The Federal Government decides on such exports on the basis of the Basic Law, the War Weapons Control Act (in German), the Foreign Trade and Payments Act, the Foreign Trade and Payments Ordinance, the “Political Principles Adopted by the Government of the Federal Republic of Germany for the Export of War Weapons and Other Military Equipment” of 19 January 2000 (“Political Principles”) (PDF: 90 KB; in German), the EU Council Common Position defining common rules governing control of exports of military technology and equipment of 8 December 2008 and the Arms Trade Treaty. In some respects, the German government applies stricter criteria than those imposed in the EU Council Common Position, particularly regarding the control of small arms.
A particularly strict regime for exports to third countries
The German government examines the export applications very thoroughly on the basis of these rules. The examination attaches especially great significance to the preservation of peace, security and stability, and the upholding of human rights. The criteria for the examination differentiate between the EU, NATO and NATO-equivalent countries (Australia, Japan, New Zealand, Switzerland) on the one hand and “third countries” on the other.
The Federal Government adheres to very strict principles in the case of exports of military equipment to “third countries” - i.e. those outside the EU, NATO and NATO-equivalent countries: the export of war weapons is not licensed unless special foreign or security policy interests argue in favour of a licence in an individual case. The manufacture, trade, brokering and export of war weapons are subject to the strict provisions of the War Weapons Control Act. This Act states explicitly that no-one enjoys an entitlement to the granting of an export licence.
The export of “other military equipment” (military equipment which is not war weapons) is governed by the Foreign Trade and Payments Act and Ordinance. The Foreign Trade and Payments Act lays down the principle that foreign trade and investment is not generally subject to restrictions. For this reason, the applicant is basically entitled to receive an export licence unless essential security or foreign policy interests of the Federal Republic of Germany or other reasons (Section 4 of the Act) argue against this. Pursuant to Section 4 of the Foreign Trade and Payments Act, a licence can be refused if the security interests of Germany are endangered, the peaceful co-existence of nations is disrupted, or a substantial disturbance to Germany’s foreign relations is likely.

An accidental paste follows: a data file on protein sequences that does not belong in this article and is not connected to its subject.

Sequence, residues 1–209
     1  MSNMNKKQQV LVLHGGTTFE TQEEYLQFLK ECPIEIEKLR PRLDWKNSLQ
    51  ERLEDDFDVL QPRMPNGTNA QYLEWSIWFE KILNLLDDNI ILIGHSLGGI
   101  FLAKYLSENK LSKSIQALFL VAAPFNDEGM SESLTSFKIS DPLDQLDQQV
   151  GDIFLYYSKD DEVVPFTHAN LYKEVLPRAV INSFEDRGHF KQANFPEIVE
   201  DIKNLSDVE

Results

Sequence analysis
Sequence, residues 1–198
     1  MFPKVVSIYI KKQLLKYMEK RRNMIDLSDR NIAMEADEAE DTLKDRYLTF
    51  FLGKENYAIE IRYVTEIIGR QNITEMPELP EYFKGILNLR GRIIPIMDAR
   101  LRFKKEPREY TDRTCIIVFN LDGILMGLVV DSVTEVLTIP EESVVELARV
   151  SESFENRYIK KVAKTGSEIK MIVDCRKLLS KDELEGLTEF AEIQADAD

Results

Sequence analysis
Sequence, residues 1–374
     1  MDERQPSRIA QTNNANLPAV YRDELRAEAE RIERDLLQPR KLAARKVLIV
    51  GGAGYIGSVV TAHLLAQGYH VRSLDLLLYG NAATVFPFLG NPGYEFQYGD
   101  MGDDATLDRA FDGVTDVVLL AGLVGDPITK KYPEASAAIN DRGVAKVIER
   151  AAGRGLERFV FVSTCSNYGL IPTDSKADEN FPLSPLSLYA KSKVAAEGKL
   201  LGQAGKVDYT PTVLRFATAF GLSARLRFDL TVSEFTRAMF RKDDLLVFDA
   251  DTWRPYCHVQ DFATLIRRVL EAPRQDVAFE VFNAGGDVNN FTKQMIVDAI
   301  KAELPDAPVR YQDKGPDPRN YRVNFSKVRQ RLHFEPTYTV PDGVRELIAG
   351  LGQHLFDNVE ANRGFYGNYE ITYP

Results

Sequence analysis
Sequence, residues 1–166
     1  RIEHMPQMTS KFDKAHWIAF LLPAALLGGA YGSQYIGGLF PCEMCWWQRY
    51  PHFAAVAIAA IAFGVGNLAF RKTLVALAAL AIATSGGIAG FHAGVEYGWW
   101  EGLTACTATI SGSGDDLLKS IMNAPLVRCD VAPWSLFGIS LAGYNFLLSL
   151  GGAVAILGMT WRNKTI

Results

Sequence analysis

Who decides whether a licence should be issued?
Apart from the fields of the Bundeswehr, the customs frontier service and the agencies responsible for maintaining public security, the responsibility for issuing licences for war weapons exports has been transferred to the Federal Ministry for Economic Affairs and Energy. It decides on applications to export war weapons in agreement with the Federal Foreign Office and the Federal Ministry of Defence. The Federal Office for Economic Affairs and Export Control (BAFA) is responsible for issuing licences for exports of other military equipment.
Decisions on projects to export military equipment are taken following a careful weighing up, including input from the Federal Ministry for Economic Affairs and Energy and the Federal Foreign Office, of the respective arguments in terms of foreign, security and human rights policy. Where there are differing views between the ministries involved in the decision-making process, or the cases are especially significant, the Federal Security Council usually decides on the issuance or denial of export licences.
Establishing a uniform policy on military equipment exports in the EU
The Member States are responsible for policy on military equipment exports. However, the EU Member States are guided by the legally binding Council Common Position 2008/944/CFSP defining common rules governing control of exports of military technology and equipment, which was adopted in December 2008. Beyond this, the Federal Government is working towards a situation in which a similar approach is taken within the EU to decisions on exports of military equipment. For example, the Federal Government is calling at European and international level for rules which correspond to what currently is a stand-alone approach in the EU: Germany’s small arms and post-shipment principles.